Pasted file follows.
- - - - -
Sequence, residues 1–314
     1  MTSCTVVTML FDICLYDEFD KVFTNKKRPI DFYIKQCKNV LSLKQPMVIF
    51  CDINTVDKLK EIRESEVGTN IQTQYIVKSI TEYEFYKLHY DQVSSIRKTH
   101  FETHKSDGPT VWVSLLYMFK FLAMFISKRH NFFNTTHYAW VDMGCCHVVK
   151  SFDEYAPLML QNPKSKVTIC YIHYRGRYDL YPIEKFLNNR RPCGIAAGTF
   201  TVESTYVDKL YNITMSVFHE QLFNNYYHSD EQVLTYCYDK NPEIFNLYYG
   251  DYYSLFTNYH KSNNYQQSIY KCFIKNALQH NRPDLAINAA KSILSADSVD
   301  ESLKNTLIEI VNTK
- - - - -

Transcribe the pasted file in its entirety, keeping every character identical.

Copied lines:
Sequence, residues 1–314
     1  MTSCTVVTML FDICLYDEFD KVFTNKKRPI DFYIKQCKNV LSLKQPMVIF
    51  CDINTVDKLK EIRESEVGTN IQTQYIVKSI TEYEFYKLHY DQVSSIRKTH
   101  FETHKSDGPT VWVSLLYMFK FLAMFISKRH NFFNTTHYAW VDMGCCHVVK
   151  SFDEYAPLML QNPKSKVTIC YIHYRGRYDL YPIEKFLNNR RPCGIAAGTF
   201  TVESTYVDKL YNITMSVFHE QLFNNYYHSD EQVLTYCYDK NPEIFNLYYG
   251  DYYSLFTNYH KSNNYQQSIY KCFIKNALQH NRPDLAINAA KSILSADSVD
   301  ESLKNTLIEI VNTK